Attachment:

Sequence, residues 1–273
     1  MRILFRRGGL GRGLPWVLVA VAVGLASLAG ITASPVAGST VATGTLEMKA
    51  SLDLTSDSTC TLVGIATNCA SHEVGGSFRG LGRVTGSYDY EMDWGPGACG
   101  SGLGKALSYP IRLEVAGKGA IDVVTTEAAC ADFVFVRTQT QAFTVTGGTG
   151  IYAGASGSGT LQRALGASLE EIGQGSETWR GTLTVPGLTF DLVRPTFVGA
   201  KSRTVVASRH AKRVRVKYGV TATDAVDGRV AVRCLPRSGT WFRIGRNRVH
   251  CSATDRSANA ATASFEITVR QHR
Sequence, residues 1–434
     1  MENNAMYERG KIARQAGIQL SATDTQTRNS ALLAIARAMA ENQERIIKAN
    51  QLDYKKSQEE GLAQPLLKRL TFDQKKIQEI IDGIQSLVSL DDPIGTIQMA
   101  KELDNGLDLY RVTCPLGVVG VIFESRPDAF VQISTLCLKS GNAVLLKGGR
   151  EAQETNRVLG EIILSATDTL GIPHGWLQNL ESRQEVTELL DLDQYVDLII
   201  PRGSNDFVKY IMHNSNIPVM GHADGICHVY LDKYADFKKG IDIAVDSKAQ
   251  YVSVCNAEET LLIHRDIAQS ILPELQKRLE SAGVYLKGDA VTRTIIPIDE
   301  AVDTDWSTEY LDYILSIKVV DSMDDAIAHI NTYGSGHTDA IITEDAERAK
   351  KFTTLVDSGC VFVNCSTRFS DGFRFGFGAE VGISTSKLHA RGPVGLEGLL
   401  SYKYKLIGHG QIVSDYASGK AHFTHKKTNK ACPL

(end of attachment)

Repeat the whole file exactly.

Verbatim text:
Sequence, residues 1–273
     1  MRILFRRGGL GRGLPWVLVA VAVGLASLAG ITASPVAGST VATGTLEMKA
    51  SLDLTSDSTC TLVGIATNCA SHEVGGSFRG LGRVTGSYDY EMDWGPGACG
   101  SGLGKALSYP IRLEVAGKGA IDVVTTEAAC ADFVFVRTQT QAFTVTGGTG
   151  IYAGASGSGT LQRALGASLE EIGQGSETWR GTLTVPGLTF DLVRPTFVGA
   201  KSRTVVASRH AKRVRVKYGV TATDAVDGRV AVRCLPRSGT WFRIGRNRVH
   251  CSATDRSANA ATASFEITVR QHR
Sequence, residues 1–434
     1  MENNAMYERG KIARQAGIQL SATDTQTRNS ALLAIARAMA ENQERIIKAN
    51  QLDYKKSQEE GLAQPLLKRL TFDQKKIQEI IDGIQSLVSL DDPIGTIQMA
   101  KELDNGLDLY RVTCPLGVVG VIFESRPDAF VQISTLCLKS GNAVLLKGGR
   151  EAQETNRVLG EIILSATDTL GIPHGWLQNL ESRQEVTELL DLDQYVDLII
   201  PRGSNDFVKY IMHNSNIPVM GHADGICHVY LDKYADFKKG IDIAVDSKAQ
   251  YVSVCNAEET LLIHRDIAQS ILPELQKRLE SAGVYLKGDA VTRTIIPIDE
   301  AVDTDWSTEY LDYILSIKVV DSMDDAIAHI NTYGSGHTDA IITEDAERAK
   351  KFTTLVDSGC VFVNCSTRFS DGFRFGFGAE VGISTSKLHA RGPVGLEGLL
   401  SYKYKLIGHG QIVSDYASGK AHFTHKKTNK ACPL